“The governor’s tax relief proposal will most certainly place pressure on school districts to stay within the tax cap so residents can enjoy a tax rebate check,” Mr. Brady said in an email. “However, if adequate funding is not provided by state aid, which is the only other major source of money for schools, there will be continued degradation of staffing, programs and opportunities for students in schools that have no choice but to rely on this aid.”

The Potsdam district has taken several measures to cut costs by sharing a food service director, superintendent of building and grounds and technology personnel with other school districts through contracts with BOCES.

A school superintendent in Lewis County said it is probably too early to know the real effects of the commission’s proposal.

“It certainly would be nice” if the initiative provides true tax relief while allowing the district still to cover expected cost increases, Beaver River Central School District Superintendent Leueen Smithling said.

However, Mrs. Smithling said, the offer almost sounds “too good to be true” and she has yet to get any specifics on the proposal or discuss it with the district’s business manager.

Negotiations also are underway with a pair of unions, and budget deliberations at this point are very preliminary, she said.

Even state education officials are uncertain just how the tax commission’s proposal will affect schools.

Antonia Valentine, media relations specialist at the state Education Department, said no informational materials have been supplied to New York schools since Mr. Cuomo announced the proposal.

“Because this matter involves pending litigation, we cannot comment,” Ms. Valentine wrote in an email. “Any changes to the tax cap would have to be done statutorily by the Legislature and Governor.”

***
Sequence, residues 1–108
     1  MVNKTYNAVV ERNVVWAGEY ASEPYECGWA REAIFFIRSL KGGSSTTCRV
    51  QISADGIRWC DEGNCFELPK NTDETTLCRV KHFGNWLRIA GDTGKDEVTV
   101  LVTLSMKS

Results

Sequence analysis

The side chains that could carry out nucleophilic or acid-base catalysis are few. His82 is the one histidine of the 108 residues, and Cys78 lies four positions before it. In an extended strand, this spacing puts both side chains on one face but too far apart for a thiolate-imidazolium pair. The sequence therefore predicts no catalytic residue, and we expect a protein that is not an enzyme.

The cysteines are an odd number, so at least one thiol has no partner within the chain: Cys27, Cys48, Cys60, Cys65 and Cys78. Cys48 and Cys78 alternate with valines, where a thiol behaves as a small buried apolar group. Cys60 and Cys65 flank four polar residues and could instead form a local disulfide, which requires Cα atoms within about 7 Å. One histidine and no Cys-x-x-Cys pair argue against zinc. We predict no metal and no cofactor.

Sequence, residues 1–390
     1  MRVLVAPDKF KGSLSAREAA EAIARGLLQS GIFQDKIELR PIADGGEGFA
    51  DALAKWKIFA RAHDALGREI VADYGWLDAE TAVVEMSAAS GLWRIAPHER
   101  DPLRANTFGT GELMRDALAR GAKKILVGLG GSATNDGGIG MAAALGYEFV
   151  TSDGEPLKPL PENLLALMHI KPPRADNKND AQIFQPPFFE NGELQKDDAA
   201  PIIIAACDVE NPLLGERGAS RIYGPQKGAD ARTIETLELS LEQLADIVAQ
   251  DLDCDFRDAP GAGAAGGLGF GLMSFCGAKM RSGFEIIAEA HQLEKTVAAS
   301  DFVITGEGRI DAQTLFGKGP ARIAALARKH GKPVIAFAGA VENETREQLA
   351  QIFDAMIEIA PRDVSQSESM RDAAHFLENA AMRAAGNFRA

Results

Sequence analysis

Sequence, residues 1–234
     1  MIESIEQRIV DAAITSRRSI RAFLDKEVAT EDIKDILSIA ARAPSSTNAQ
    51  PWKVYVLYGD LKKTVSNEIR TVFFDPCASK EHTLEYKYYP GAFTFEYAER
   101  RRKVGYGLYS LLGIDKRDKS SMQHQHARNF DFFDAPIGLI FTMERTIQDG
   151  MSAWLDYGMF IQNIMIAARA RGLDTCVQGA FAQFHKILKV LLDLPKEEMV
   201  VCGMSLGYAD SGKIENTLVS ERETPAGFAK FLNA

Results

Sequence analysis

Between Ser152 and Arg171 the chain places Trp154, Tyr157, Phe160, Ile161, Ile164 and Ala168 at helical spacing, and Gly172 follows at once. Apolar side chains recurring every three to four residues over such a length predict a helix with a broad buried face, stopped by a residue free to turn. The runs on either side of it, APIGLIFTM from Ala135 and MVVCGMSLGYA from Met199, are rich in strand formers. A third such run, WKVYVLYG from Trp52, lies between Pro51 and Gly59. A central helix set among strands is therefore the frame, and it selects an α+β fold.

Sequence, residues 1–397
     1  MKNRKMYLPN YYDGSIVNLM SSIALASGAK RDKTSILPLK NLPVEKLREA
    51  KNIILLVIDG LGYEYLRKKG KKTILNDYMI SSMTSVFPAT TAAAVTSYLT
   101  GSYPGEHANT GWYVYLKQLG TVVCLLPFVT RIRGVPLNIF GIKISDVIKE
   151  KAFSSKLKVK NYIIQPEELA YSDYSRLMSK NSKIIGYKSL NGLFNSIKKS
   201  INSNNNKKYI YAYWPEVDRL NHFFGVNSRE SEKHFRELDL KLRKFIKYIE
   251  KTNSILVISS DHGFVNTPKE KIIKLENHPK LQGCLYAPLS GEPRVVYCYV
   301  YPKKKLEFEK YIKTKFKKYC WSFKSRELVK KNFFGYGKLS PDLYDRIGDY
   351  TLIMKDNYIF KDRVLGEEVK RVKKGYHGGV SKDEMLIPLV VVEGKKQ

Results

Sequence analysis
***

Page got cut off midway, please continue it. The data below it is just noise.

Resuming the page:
Ann M. Adams, superintendent at Hermon-DeKalb Central School, said her district has a community committee that’s exploring ways to cut costs, but there’s little left to trim. The district has made about $1.2 million worth of cuts over the past three years and already contracts with BOCES for a speech therapist and other shared services.

Compared with the state’s high-wealth districts, a tax cap particularly hurts rural districts that have small property tax bases, she said.

“In one district, a 1 percent increase may generate $22,000. In another district, that 1 percent could generate hundreds of thousands of dollars,” Ms. Adams said. “We have been cutting programs and staff over the past five years.”

Her district also explored setting up a regional school with Heuvelton Central and Morristown, but there is no state legislation in place to allow such action. Earlier this year, the Gouverneur Central School board decided it was not interested in merging with Hermon-DeKalb. Differences in tax rates and geographical distance were cited as reasons.

In Lewis County, the Beaver River superintendent said, true school consolidations would be difficult for school districts, given the large geographical areas they already cover, but shared services are being considered between individual districts and through the Jefferson-Lewis BOCES.

“We’re already there and already talking about it,” she said.

Canton Central School Superintendent William A. Gregory said when districts propose budgets that exceed their property tax levy, it’s typically because there is insufficient aid or reserve funds to support the school’s educational programs and students.

“If taxpayers of a given school district will be penalized for approving a budget that exceeds the cap, I believe that the proposal may have the effect of precluding school districts from proposing such budgets, even though there may be compelling reasons for doing so,” Mr. Gregory said in an email.

Times staff writers Steve Virkler and Katherine Clark contributed to this report.